With the initial telemetry analysis and checkout phase done, GRIFEX operations has shifted primarily to data generation and mass downlink. GRIFEX’s performance on-orbit has thus far been mostly nominal, allowing us to complete 11 runs of the MARINA payload and downlink the data from 8 runs. The runs are summarized below:
|Completion Number||Date/Time||Coordinates (Approx)||Location (Approx)||Downlinked?|
|1||2/11/2015 22:54:26 UTC||28°54'N 76°45'W||Off the coast of Florida||Yes|
|2||2015/02/18 22:45:00 UTC||80°09'N 135°16'W||North Pole||Yes|
|3||2015/02/19 21:51:00 UTC||69°39'S 100°20'E||South Pole||Yes|
|4||2/25/2015 11:22:41 UTC||48°25'N 65°36'W||New Brunswick||Yes|
|5||2015/02/25 14:17:00 UTC||69°54'N, 34°18'E||North of Finland||Yes|
|6||2015/03/11 23:03:00 UTC||79°35'N 128°35'W||North Pole||Yes|
|7||2015/03/30 23:03:44 UTC||[Ann Arbor run]||No|
|8||2015/04/01 00:32:01 UTC||10°02'N, 88°24'W||Off the coast of Nicaragua||Yes|
|9||2015/04/20 00:58:00 UTC||59°14'N, 104°36'W||North Saskatchewan, Canada||No|
|10||2015/04/21 13:57:00 UTC||40°30'N, 96°9'W||Nebraska City, Nebraska||No|
|11||2015/04/25 13:40:00 UTC||31°39'N, 93°18'W||Robeline, Louisiana||No|
In addition to these 11 completions, we occasionally see aborts of payload runs. The “MARINA Exit Status” telemetry point indicates to us the reason for the abort. The most common values of the “MARINA Exit Status” telemetry point are 0 (Success), 255 (Run in progress), and 1, which is one of 17 error codes. Aborts have been happening more often than expected, an issue we think is due to a timing issue in the code that monitors MARINA while it runs. We recently uplinked a patch such that the code will log more data during each run, which will let us better debug these aborts. Other than delaying runs, these aborts have not had any noticeable effect on spacecraft performance.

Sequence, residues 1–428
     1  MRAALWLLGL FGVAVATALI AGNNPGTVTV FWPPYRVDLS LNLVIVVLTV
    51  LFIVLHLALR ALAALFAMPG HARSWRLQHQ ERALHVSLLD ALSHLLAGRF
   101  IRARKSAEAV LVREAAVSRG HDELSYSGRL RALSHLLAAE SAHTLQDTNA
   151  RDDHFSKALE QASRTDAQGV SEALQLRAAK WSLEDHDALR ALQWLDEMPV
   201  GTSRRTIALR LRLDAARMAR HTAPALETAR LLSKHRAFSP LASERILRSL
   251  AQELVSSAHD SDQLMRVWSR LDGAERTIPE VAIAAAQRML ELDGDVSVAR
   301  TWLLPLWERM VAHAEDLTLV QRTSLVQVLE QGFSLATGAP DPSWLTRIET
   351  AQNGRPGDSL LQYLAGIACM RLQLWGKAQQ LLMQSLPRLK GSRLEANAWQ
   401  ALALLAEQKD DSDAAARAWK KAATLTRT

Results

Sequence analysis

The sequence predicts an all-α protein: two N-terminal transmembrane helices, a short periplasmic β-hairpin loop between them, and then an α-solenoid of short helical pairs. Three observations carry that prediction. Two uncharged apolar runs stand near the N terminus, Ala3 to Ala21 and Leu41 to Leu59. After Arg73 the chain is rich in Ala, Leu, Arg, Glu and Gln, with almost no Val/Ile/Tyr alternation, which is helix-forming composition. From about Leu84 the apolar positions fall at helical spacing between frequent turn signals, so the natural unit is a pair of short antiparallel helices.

For our first imaging campaign (runs 1-5, occurring primarily in February), we were targeting primarily the North pole area, with some runs in view of Ann Arbor to let us monitor the payload as it ran, along with one run at the South Pole to give us baseline pixel brightness levels (since the permanent magnet is aligned such that the imager is facing away from the earth at that location, giving us a dark starfield).
Our next imaging campaign (runs 6-8, occurring in March and April) occurred in parallel with catching up on telemetry downlinks, and thus the runs were less frequent. For this set we had another North Pole run, an Ann Arbor run to check performance after 2 aborts, then a run near the equator to try to get a shot of the earth’s limb.
With baseline payload performance established, we are currently ramping up another imaging campaign, aiming for the best image quality possible. We are currently running approximately daily as we iterate to get a location that’s not too bright.
Once again, we’d like to thank Hams tracking GRIFEX – your continued monitoring has helped us respond quickly to software glitches and keep data flowing. We hope to post more updates as we get closer to an optimal MARINA image.
The Operations Team